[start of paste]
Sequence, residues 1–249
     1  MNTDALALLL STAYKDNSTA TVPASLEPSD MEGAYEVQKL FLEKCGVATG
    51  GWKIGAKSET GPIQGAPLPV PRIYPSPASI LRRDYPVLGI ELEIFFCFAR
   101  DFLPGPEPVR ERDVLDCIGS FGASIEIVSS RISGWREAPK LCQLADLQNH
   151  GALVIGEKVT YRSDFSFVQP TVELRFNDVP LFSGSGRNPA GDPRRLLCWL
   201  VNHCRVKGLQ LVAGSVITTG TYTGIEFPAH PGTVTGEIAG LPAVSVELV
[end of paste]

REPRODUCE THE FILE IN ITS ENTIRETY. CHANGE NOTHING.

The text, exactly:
Sequence, residues 1–249
     1  MNTDALALLL STAYKDNSTA TVPASLEPSD MEGAYEVQKL FLEKCGVATG
    51  GWKIGAKSET GPIQGAPLPV PRIYPSPASI LRRDYPVLGI ELEIFFCFAR
   101  DFLPGPEPVR ERDVLDCIGS FGASIEIVSS RISGWREAPK LCQLADLQNH
   151  GALVIGEKVT YRSDFSFVQP TVELRFNDVP LFSGSGRNPA GDPRRLLCWL
   201  VNHCRVKGLQ LVAGSVITTG TYTGIEFPAH PGTVTGEIAG LPAVSVELV